The Path to Independence

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Michael Sharkey reaches over to hold his wife Jess’s hand, nods his head, smiles and lets her know he is there to support her as they share their story. His kindness and encouragement are palpable. Beyond the basic life skills Michael has learned himself through unique adaptive programming at the Monon Community Center (MCC), he’s also developed an understanding of the importance and value of a community that provides a safe and supportive environment to thrive and gain confidence. The path to independence for both Michael and Jess has not always been easy to navigate, but it is one that led them to something we all want to feel — included.

Michael’s journey started over 10 years ago when he attended Teen Night Out at the MCC. The program creates an inclusive social environment for teens with disabilities to share dinner, swim, play basketball, hang out in the gym, develop friendships and so much more. 

The MCC soon became a “home away from home” for Michael and many others who participate in adaptive programs geared toward individuals with disabilities. Adaptive programming is founded on the belief that everyone — from toddlers to adults — should be able to participate in leisure opportunities that allow for performance at a high level. CCPR offers a wide range of program types including swim lessons, yoga, and strength training to culinary, current events, and creative art classes all which comprise one of the largest adaptive programs available in the state.

“Jess and I took a cooking class and that really helped us become more independent in the kitchen and we take a cycling class together every week,” Michael says. “I’m here at the MCC frequently, sometimes for multiple days in a week. Once I started walking on the track and working out with my friend Dan, I realized that I was pretty strong, and I liked staying in shape. I’ve even run a 5K. It felt so great to cross the finish line!” 

CCPR provided tools that assisted Michael in setting and attaining goals like running a 5K or working a job. But Michael is one of many who have been positively impacted by CCPR’s adaptive programs. By assessing community needs and developing curriculum around these needs, CCPR has built a growing adaptive community and along the way fostered an organization-wide culture of inclusion. Michelle Yadon, Monon Community Center Recreation Services Manager, shares this is a big part of what makes adaptive programming at the MCC so successful. “Michael and Jess both have jobs. Jess works at the MCC KidZone and Michael works in the hotel industry. They are married, stay physically active, know what keeps them healthy, and continue to develop friends and relationships and add new experiences to their life-skill set. Just like all of us, they set goals for themselves and work hard to make those dreams and goals become reality. CCPR helps provide that safe and supportive learning community to help them become all they can.” 

This past spring, Michael played the lead role in CCPR’s Barrier-Free Theatre performance. This annual play — created by the actors around a topic of their choice — is another opportunity for Michael, Jess and other individuals with and without disabilities to be creative and express themselves. Attended by family, friends and open to the public, the performance showcases that the actors are much more than their diagnosis and they are capable of everything from memorizing lines and decorating sets to working together as a team to bring joy to others.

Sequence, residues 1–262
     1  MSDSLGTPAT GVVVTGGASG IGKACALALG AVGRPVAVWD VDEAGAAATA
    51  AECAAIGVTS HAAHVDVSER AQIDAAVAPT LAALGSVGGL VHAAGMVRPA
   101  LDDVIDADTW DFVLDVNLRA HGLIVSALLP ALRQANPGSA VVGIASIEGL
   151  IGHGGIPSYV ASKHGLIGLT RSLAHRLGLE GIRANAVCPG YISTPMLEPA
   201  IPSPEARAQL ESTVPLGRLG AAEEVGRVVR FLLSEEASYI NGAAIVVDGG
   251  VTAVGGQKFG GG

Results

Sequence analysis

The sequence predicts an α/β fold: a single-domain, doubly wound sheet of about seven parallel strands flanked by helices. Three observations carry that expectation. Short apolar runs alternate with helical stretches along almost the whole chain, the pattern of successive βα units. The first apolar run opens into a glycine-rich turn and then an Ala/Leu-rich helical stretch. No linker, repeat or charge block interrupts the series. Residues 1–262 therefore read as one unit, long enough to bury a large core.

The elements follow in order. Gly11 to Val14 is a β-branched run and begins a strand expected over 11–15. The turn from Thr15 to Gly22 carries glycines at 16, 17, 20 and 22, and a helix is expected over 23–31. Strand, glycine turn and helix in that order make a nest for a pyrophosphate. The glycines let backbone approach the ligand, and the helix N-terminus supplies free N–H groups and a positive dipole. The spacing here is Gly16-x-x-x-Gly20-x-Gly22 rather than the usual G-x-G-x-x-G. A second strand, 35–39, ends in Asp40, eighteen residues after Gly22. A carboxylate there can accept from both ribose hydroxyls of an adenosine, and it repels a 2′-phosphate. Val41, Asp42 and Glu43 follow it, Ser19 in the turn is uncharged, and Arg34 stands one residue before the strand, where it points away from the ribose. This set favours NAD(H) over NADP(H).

“Beyond his mentorship role in the play, Michael has played a huge role in working with me on what type of programming is wanted and needed within the Carmel community,” says Yadon. “He’s really emerged as a leader at the MCC and often comes to me with class suggestions or things he is interested in that translates to a more global application of what classes will be helpful to all individuals in our adaptive programming. He’s someone I rely on when considering what we should offer and what will help our participants thrive.”

Prior to getting married, Michael approached Yadon on how he could learn to be a good partner and support system for his soon-to-be bride Jess. “I wanted to be a caring and good husband and Michelle helped teach me some life lessons. I knew it wasn’t going to be like learning a work skill but more of how I could just be considerate of someone else’s needs and feelings and how we would work together as a husband and wife.”

Jess agrees that the MCC has been a community where she has learned and grown through participation in programs, membership and eventually her job as an attendant in KidZone — the childcare facility located inside the MCC for members. She enjoys nothing more than engaging with the kids.

CCPR provides abounding opportunities for Michael and Jess and for so many others in the community. Opportunities to become contributing and working citizens, to stay healthy and strong, to learn to cook, sing, dance and become socially aware and independent. Opportunities to be included in the day-to-day world around them and to contribute value to their community. 

“I’m so glad I took that first step over 10 years ago and came to Teen Night Out at the MCC,” Michael shares. “I’ve learned so much and it has changed my life.”

Finally, Michael takes his hand off Jess’s and continues to smile at her with an “I’m here for you” look in his eye. For Michael and Jess, this path to independence and happiness is just the beginning. 

CCPR is always looking to expand their focus on inclusion and adaptive offerings. If you have ideas or feedback, please let us know by visiting

Written By: Sheryl Rodgers
Sheryl focuses on branding and marketing engagement. She’s a storyteller, editorial and media consultant, and brand builder. This story was written in partnership with Pickett & Associates.

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